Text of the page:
Skip to comments.Myth of Boyhood
Posted on 06/27/2007 3:01:46 PM PDT by fgoodwin
Picture a world where your father walks with you down a starlit road, pausing to point out Orion. He recites Robert Frost, knows how a battery worksand all the rules about girls. "The Dangerous Book for Boys," by brothers Conn and Hal Iggulden, is peaking on Amazon's best-seller list (No. 5 last week) by recalling just that world. The compendium of trivia, history and advice is geared toward preteen boys, but it's found a surprising audience in men in their 30s and 40s, too. The book's marbled endpapers, archival illustrations and dry, humorous tone ("excitable bouts of windbreaking will not endear you to a girl") offers a portal back to a time of "Sunday afternoons and long summer days."
The anxiety might also be for our children. Robert Baden Powell, father of the Boy Scout movement, wrote "Scouting for Boys" in 1908, out of concern that the young soldiers he had fought with in the Boer War were physically and morally unfit. "At the height of the British Empire, the older generation worried about boys' becoming pasty and soft and useless," says Conn Iggulden. "I see similar concerns today."
But the Boy Scouts of America, with its exclusionary policies toward gays and atheists, and emphasis on safety over fun, may feel old-fashioned in a bad way: enrollment has declined steadily for a decade. "The Dangerous Book for Boys," on the other hand, suggests activities with a whiff of rebelliousness without advocating anything truly unsafe. It also gives parents a product, in today's commercial age, refreshingly free of brands or logos. Of course, they're still falling for one of the most enduring brands of all: nostalgia.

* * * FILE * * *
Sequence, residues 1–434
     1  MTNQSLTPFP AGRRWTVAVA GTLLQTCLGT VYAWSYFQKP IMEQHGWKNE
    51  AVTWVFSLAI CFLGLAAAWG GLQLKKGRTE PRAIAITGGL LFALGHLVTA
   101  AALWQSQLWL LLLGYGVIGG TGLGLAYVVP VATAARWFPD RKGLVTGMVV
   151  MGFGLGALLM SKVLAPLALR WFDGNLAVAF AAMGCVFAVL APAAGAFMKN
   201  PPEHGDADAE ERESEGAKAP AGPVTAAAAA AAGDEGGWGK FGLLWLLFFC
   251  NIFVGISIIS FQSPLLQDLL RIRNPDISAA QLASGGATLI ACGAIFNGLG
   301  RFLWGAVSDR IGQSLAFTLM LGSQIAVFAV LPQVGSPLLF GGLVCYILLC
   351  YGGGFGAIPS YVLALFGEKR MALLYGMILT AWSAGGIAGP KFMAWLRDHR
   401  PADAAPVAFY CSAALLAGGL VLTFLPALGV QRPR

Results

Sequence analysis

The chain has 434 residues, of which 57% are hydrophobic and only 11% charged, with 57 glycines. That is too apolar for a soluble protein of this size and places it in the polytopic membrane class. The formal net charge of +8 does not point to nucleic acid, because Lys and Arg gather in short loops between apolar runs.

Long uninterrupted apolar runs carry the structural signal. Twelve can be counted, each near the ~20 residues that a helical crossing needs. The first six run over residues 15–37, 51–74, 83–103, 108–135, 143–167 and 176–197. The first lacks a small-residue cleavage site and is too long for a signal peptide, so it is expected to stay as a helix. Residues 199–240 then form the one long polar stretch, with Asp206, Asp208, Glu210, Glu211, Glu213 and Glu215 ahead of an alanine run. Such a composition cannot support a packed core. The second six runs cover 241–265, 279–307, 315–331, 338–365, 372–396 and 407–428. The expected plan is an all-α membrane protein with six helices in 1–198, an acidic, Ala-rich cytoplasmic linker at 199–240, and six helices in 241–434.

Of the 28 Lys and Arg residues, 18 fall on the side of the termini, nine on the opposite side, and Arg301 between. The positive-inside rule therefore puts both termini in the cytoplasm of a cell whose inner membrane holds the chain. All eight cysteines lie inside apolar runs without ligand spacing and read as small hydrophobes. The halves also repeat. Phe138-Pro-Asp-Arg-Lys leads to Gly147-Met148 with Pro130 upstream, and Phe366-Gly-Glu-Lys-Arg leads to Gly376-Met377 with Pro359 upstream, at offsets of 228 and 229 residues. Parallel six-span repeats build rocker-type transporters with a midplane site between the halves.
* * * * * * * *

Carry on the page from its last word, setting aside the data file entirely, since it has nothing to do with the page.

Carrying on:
(Excerpt) Read more at msnbc.msn.com ...
And yet the author dares not ask if the boys of today will in the future look back with nostalgia at the wonderful, formative lessons gleaned from freak dancing, gangsta rap, and Nintendo Wii.
We waded through drainage ditches to catch box turtles. We jammed the muzzles of our air rifles into the ground and then fired the dirt clods at each other. We took turns hurling the “Unspunetz Stone” as high in the air as we could. We played with sheep and got ticks the size of quarters in our hair that our mothers burned out with their cigarettes. We smoked “cigars” that were actually dead, rolled-up rhododenron leaves. We built mud forts from which we waged mudball fights with each other. We jumped off a small cliff into the dead leaves that piled up below. We ate tunafish sandwiches for lunch that had been sitting in a brown paper sack in the sun all morning. We didn’t know any better.
The real problem here is the widespread fiction within the educational establishment (and elsewhere) that "gender roles" are some sort of inescapable trap to be avoided at all cost, and that those roles are always unrestrained violence for boys and mouselike docility for girls. Free men and women are living proof of the falsehood of the notion. Children who are never allowed to be free find it difficult to become free men and women. That, sadly and shockingly, seems to be by design.